We all harbor secrets. Some are big and bad; some are small and trivial. Researchers have parsed which truths to tell and which not to.
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On the Creative Use of Limited Time
Wordle is the simple, Zen-like stress reliever we've been waiting for. And if you've been wondering what it reminds you of ... consider the mystery solved.
It’s not about letting your dreams die; it’s about sorting them.
Bystander-invervention training is on the rise. It's really about cultivating the ability to see ourselves in each other.
This show scatters lessons like confetti. Let’s look at some of the social science that’s propping it all up.
This Stoic trick can help you appreciate what's right in front of you.
There's a lot of "duff gen" out there, as the Irish say—unreliable information. So how do we sort out what's right from what's (seductively) wrong?
These days, the soundest strategy may be not to trust our instincts but to distrust them. To say to ourselves, at every turn, “What if I’m wrong?”
Procrastinating isn't always cowardly. Sometimes there's something more precious to tend to, and your brain knows it.
A New Year's reading project that could revive you and change your outlook.
Imagining the worst is a skill worth practicing, even at Thanksgiving.
Your areas of expertise are like latent superpowers. It's good to remind yourself what you're bringing into battle.
These days, our own stories are our most reliable form of entertainment. Here's the ropes course on how to remember them.
Answering a question with a story is a move as old as the prophets. But it just might be a superpower in the 21st century.
Yet another reason to keep moving: When you hunker down in place, you stop making as many memories.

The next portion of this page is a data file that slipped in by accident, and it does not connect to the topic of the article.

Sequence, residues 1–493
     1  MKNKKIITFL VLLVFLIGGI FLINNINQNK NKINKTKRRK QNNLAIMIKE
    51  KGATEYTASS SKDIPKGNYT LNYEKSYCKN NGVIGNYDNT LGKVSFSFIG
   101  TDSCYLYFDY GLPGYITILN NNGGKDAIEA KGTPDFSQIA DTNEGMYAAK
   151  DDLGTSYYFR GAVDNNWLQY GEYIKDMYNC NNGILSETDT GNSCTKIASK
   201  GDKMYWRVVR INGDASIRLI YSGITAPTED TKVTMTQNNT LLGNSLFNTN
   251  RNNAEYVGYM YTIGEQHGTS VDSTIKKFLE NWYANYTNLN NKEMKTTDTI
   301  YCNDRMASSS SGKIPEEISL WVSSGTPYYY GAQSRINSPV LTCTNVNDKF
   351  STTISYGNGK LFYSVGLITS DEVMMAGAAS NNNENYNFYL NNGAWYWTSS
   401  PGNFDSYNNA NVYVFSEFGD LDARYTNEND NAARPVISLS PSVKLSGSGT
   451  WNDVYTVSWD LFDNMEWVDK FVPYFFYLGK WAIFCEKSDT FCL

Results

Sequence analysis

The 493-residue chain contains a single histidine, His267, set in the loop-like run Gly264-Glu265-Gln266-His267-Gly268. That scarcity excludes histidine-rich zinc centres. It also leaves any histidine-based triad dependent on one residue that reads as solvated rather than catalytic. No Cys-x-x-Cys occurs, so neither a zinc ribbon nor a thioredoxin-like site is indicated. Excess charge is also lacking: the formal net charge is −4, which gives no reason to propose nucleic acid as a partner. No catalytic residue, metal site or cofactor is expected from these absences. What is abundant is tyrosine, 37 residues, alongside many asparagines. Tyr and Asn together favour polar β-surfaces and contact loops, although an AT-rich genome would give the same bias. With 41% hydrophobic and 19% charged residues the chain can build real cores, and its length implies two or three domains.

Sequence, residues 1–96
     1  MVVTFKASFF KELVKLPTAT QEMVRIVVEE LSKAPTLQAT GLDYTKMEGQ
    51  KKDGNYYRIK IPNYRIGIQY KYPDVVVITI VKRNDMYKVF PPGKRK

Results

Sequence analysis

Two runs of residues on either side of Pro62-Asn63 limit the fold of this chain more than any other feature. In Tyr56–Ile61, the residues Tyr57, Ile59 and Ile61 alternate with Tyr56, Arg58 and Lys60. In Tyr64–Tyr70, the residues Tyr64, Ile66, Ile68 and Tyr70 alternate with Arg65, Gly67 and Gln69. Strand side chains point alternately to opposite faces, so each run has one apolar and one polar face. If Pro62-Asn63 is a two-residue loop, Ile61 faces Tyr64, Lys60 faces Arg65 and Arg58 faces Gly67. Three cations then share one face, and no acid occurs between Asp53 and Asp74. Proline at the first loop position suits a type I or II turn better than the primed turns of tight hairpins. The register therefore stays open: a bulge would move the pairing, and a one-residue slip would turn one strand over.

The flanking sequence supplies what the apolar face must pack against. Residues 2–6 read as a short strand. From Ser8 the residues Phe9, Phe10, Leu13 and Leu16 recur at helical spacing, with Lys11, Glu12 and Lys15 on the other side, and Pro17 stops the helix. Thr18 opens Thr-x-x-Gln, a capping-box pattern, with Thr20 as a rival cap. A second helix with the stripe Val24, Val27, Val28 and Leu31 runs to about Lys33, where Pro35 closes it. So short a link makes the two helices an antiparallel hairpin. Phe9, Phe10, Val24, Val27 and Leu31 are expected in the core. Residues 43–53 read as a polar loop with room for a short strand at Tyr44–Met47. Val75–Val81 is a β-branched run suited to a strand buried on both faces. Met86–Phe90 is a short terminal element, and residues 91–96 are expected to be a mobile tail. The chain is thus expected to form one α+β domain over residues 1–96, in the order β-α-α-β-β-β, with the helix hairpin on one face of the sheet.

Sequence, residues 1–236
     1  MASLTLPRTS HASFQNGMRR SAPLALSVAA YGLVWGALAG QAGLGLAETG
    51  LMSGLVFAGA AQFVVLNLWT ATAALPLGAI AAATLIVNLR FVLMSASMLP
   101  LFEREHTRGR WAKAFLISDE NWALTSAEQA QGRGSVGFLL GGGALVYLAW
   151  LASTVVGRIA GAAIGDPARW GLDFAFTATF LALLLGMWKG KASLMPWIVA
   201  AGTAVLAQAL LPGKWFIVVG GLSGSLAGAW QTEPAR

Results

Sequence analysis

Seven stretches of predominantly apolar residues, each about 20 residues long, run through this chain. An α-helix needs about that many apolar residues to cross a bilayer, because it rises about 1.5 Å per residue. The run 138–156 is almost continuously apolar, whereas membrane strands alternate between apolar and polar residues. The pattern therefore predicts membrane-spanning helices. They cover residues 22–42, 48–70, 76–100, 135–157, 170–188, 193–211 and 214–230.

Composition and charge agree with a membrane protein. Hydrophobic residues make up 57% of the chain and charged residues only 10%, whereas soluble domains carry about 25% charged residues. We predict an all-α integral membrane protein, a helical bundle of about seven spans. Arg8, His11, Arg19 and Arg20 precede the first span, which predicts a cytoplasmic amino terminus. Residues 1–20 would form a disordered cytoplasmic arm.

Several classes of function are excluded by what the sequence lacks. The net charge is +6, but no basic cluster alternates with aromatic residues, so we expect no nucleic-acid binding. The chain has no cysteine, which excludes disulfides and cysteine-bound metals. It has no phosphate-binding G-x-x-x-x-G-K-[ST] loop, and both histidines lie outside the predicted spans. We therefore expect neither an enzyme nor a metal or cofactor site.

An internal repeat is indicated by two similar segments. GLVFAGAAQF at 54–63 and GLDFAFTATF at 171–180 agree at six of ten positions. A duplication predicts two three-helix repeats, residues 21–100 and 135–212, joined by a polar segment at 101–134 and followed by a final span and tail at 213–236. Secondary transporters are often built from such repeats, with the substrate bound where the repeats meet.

At some point, we all find ourselves on the spot. In those moments, it pays to have your best thoughts ready to go.
Facing the truth: Revisiting the psychology of wearing a COVID mask.
By borrowing this protest tool, people everywhere are performing the ultimate act of transmutation — turning rage into gratitude.
The surprising truth: A nap is the world's most versatile life hack.
Inside the bizarre piecemeal worldwide adoption of masks to slow the spread of COVID-19; What’s making some cultures go all in, but others hold back?
In a time of "social distancing" we can, if fleetingly, still connect. Science reveals the power of looking strangers in the eye.
Happy National Jealousy Day, Finland. Today, you learn what your neighbor earns. Will that inspire admiration, or poison you with envy?
Is art medicine? It must be if museums are now letting you in for free with a doctor's prescription.
You won’t read many positive stories about shame. But this is one.
Hands-on fandom: It's hard to admit it, but we're learning something from Drake.
Great advice comes from the unlikeliest of sources — if we're willing to listen.
The Age-10 Theory says it’s okay to lose the scent of what made you happy. You can pick it up again. Better late than never.
"We're every age we've ever been," said Anne Lamott. But some ages matter more than others—and the most important age may be 10.
Why does being told something's unavailable make us crave it all the more?
All that stuff you really should do? What if this year you committed to not doing it?
While climbing your mountain, are you going it solo or are you roped to someone else?
Bruce Grierson is a social-science writer based in British Columbia.